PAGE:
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Mercury’s place among the terrestrial planets:: Summary on what can be measured from ground
Uppsala University, Teknisk-naturvetenskapliga vetenskapsområdet, Physics, Department of Astronomy and Space Physics.
2006 (English)In: European Planetary Science Conference, Berlin, June 2006: EuroPlanet 2006, 2006Conference paper (Refereed)
Abstract [en]

Close-range measurements during the multiple flybys of Mariner 10 past Mercury in

1974-1975 provided us with the bulk of information currently available on its physical

properties. Understanding of its geology and evolution took a quantum leap, yet

numerous questions were left unanswered and new questions were opened up regarding

processes that shaped its appearance as observed today. Two main shortages in

the Mariner 10 data set with respect to this understanding pertains to Mercury’s crust:

imaging coverage was less than half of its surface, and spectrometers for compositional

determinations were unavailable.

Since then, and particularly during the past decade or two, ground-based studies have

provided a wealth of new information that aid in understanding the chemical and microphysical

properties of its regolith. These include spectroscopy, imaging, photometry

and polarimetry at visual, near infrared, thermal infrared and radar wavelengths.

Modeling of these data sets, laboratory studies, and comparative planetological interpretations

of its remotely-sensed properties to those of the Moon and other atmosphereless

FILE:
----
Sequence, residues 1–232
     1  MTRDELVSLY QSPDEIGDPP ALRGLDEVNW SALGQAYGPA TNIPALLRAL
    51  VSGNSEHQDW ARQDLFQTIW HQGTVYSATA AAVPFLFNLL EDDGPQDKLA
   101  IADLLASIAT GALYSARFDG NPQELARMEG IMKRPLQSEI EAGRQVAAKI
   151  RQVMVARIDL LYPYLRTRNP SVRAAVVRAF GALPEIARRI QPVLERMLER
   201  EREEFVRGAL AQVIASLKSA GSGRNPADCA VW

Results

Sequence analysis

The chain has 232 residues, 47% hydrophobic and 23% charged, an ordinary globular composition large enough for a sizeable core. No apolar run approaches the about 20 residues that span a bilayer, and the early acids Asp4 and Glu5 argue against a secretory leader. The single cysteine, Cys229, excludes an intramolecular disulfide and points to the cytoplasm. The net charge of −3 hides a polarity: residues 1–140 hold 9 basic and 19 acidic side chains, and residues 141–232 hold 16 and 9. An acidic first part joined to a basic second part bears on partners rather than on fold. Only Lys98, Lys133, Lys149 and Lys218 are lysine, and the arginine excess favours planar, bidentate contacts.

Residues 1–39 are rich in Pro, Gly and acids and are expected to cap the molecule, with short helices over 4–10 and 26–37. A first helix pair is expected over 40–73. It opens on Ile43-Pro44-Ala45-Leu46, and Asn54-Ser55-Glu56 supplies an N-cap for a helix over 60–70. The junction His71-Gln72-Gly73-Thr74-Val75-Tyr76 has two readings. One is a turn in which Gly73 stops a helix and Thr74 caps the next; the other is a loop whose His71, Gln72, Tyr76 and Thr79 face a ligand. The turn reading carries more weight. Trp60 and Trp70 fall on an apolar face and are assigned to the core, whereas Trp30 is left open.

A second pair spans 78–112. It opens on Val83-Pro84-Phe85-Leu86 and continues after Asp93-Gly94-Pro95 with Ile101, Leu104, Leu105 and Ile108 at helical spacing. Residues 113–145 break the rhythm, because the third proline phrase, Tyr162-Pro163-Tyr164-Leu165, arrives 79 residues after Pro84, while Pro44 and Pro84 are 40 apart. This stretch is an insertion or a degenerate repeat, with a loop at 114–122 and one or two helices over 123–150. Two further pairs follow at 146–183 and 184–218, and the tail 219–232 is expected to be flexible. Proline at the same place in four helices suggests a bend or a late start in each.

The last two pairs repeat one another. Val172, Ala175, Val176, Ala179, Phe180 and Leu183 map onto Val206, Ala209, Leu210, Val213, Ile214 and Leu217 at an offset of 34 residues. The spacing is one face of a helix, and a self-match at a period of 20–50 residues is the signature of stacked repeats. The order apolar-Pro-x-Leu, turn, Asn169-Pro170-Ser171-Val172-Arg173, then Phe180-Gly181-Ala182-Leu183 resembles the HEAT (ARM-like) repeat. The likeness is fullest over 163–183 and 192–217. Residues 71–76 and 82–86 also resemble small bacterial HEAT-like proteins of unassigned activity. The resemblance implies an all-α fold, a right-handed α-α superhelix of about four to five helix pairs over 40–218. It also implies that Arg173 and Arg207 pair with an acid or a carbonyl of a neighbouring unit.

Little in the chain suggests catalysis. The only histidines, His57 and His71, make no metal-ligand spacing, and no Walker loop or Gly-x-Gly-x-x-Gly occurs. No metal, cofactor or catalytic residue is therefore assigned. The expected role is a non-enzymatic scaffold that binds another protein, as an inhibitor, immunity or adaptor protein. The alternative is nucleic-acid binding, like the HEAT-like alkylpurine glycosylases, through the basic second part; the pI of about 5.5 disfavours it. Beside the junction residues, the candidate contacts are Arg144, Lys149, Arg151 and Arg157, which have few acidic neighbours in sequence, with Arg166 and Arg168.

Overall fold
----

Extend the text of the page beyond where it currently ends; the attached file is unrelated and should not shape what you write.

bodies in the inner solar system, has clarified many issues and revealed

unexpected facets of this extreme end-member planet. These include the discovery of

volatiles at the planet’s poles, new atomic species in the exosphere, the realisation of

the apparent similaries of the Mariner 10 and poorly known hemispheres, confirmation

that the surface mineralogy is likely heterogeneous and dominated by intermediate

feldspars with minor low-iron pyroxenes, very iron-poor and very strongly matured.

Due to Mercury’s location close to the Sun, the large mass of exogenically contributed

chondritic and volatile-rich material since the solidification of its crust, may be of

greater importance for the interpretation of the surface and bulk properties than those

of any other body, and accentuates that this planet in many ways is drastically different

from the superficially similar Moon. With this fact in mind, important as groundbased

observations and remote-sensing observations of Mercury’s surface are, they

may be able to provide critical, or may provide only limited, information pertaining

to the determination of the correct formation model for the planet, for which the bulk

properties are the key. This introductory panel talk will discuss what can be measured

with Earth-based observations from the ground with respect to surface composition,

and the input this data provides for the selection of the correct formation model for


Place, publisher, year, edition, pages
URN: urn:nbn:se:uu:diva-24858OAI: oai:DiVA.org:uu-24858DiVA: diva2:52632
Available from: 2007-02-07 Created: 2007-02-07

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